Pierre-Joseph Buc’hoz, a doctor of medicine and natural science by training, had every reason to write a book about chocolate in 1787. Though employed notably as the physician to king Stanislaw I of Poland, who was also the Duke of Lorraine, and then physician of Monsieur, the brother of Louis XVI and of the Count of Artois, he had a polymath’s interest in the nature of his region and beyond. Early on, he wrote on the flowers, medicinal plants, and even fossils from the region of Lorraine (Moody et al., 441). Rare among his peers was his interest in local “cosmetic flowers” or plants women could use as perfume, rouge, and even stain remover. With a view to disseminating useful botanical knowledge to people beyond the academies, he addressed his work on the plant kingdom to “Country gentlemen, Vicars, Family Men, and Farmers”* and published a weekly pamphlet called Nature Considered with news, books, and recipes (medical and culinary) on a range of topics from hygiene and gardening to animal husbandry.
By the middle of his career, he had expanded the reach of his writing to include plants from all over the world. He had interest in both the plants’ physical properties and what he called their “economic” properties, by which he meant their domestic applications (as part of home economics). From the perspective of his contemporaries he was best known as a botanist who compiled what his predecessors had done before him—not a particularly illustrious pursuit during a century that craved new knowledge. Be that as it may, from our vantage point, he was a remarkably ambitious compiler, publishing dozens of studies whose titles spread over 15 pages of the French National Library’s 1904 catalogue of printed books. By compiling his compilations during the 1770s, he eventually produced an 18-volume behemoth that he humbly called the World History of the Plant Kingdom, or New Physical and Economic Dictionary of all the Plants That Grow on the Surface of the Earth (Histoire universelle du règne végétal, ou nouveau dictionnaire physique et économique de toutes les plantes qui croissent sur la surface du globe, Paris, 1775-78).
His Essays of the uses and effects, positive and negative, of tobacco, coffee, cacao, and tea promises nothing particularly original in its title. In the introduction, in fact, he notes that it too is but the collection of essays, one for each plant, originally published in the General and Economic History of Plants. That History was itself published as part of the General and Economic History of the Three Kingdoms of Nature (Histoire générale et économique des trois règnes de la nature, Paris: Debure, 1779 ); that is, minerals, plants, and animals. Buc’hoz’s Essays locate cacao in what was by then a commonplace grouping with tobacco, coffee, and tea.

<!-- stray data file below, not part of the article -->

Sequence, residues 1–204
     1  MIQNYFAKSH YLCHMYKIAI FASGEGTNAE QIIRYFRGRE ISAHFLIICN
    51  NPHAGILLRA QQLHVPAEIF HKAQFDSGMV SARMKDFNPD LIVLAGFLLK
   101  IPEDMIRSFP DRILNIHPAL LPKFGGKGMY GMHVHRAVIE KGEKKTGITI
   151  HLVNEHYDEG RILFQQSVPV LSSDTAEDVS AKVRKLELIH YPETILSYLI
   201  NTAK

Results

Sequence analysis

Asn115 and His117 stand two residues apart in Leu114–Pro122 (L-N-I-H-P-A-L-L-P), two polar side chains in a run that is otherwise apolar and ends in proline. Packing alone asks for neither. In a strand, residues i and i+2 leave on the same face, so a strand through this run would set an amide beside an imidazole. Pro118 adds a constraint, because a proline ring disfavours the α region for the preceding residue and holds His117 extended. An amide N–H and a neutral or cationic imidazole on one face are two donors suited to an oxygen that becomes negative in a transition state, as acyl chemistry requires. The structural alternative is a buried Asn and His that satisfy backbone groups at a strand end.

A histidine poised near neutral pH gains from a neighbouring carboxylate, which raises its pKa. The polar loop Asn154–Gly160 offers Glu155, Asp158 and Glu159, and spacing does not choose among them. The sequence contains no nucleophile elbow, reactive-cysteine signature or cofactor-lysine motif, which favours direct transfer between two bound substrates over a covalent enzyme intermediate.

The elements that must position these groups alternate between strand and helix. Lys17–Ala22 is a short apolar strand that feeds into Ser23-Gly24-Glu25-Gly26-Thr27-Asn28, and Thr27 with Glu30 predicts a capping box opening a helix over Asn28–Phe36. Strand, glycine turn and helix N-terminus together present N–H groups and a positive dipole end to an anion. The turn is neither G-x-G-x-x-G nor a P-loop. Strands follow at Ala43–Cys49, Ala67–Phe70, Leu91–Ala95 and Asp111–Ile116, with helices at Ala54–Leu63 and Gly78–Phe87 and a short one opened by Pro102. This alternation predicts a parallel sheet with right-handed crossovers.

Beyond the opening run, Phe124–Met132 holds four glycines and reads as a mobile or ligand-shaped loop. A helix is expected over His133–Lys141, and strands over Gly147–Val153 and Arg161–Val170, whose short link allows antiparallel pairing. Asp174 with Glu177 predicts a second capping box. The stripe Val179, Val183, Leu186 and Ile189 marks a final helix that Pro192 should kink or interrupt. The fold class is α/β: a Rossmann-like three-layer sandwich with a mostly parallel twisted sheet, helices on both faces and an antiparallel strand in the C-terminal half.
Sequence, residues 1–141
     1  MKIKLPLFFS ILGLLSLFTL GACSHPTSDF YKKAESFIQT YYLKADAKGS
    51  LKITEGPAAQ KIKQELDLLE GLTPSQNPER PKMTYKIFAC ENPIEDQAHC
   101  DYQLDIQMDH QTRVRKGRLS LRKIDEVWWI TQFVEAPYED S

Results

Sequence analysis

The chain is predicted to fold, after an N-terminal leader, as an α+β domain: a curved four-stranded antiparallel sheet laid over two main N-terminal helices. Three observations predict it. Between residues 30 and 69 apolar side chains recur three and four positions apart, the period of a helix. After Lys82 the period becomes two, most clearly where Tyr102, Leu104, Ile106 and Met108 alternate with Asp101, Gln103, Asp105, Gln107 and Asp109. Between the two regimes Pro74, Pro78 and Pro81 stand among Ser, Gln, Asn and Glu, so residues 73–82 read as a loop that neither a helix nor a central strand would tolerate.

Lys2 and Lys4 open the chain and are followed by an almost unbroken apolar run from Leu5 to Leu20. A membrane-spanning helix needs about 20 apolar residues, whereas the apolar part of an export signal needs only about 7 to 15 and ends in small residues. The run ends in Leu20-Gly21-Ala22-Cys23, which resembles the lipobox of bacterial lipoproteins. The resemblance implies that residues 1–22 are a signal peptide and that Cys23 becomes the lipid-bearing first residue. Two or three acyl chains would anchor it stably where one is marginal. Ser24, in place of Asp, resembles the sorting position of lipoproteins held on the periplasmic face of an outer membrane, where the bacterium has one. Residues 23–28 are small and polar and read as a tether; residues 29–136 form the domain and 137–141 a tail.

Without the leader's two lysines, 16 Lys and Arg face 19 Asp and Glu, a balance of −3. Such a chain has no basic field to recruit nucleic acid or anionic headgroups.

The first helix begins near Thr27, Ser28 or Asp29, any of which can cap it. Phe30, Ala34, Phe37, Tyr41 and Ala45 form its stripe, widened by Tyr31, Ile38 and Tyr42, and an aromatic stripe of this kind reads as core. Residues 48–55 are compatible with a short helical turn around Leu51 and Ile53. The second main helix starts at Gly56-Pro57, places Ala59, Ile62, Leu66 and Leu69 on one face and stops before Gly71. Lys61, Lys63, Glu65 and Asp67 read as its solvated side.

The section on cacao is comparatively long at 40 pages in the original edition and more detailed in its physical description of the plant—one of Buc’hoz’s particular interests—than those that come before it. As part of the household interest of the plant, he includes 16 recipes (124-131). This is the rare treatise—he cites a precedent in Quélus, 1720—that makes reference to the plant, cacao, rather than the product from it, chocolate, in its title, which follows the study’s botanical orientation to nature. His is also the first French treatise to use the tree’s modern sobriquet, Theobroma cacao, or “cacao food of the gods.” It says something of the image of cacao inherited by Buc’hoz’s generation that when Carl Linnaeus developed binominal nomenclature for a taxonomy of living organisms in the 1750s, he bestowed a divine title on that plant.
Part of the description of the cacao tree includes a lengthy discussion, taken from the writings of one Mademoiselle de Mérian, of hairy caterpillars, some black with red stripes and others yellow-green, that feed on them in the tropics (95) and a list of other “enemy” insects that will destroy its foliage (113). There are pages of discussion of its anatomy followed by a list of French authors of the century who detail how to grow the cacao tree in various habitats and soils (100-112) and how to transport a young plant to Europe (114). A single paragraph is devoted to “Les Américains” (pre-conquest Mesoamericans) who prepared chocolate to “such a dark color and wild flavor” that Spanish soldiers could not get used to it (116). He relates the story of how Maria Theresa of Spain, wife of Louis XIV, introduced cacao to France from her homeland (117). In other words, there is little in this treatise to suggest that cacao was not always a staple of European home economics.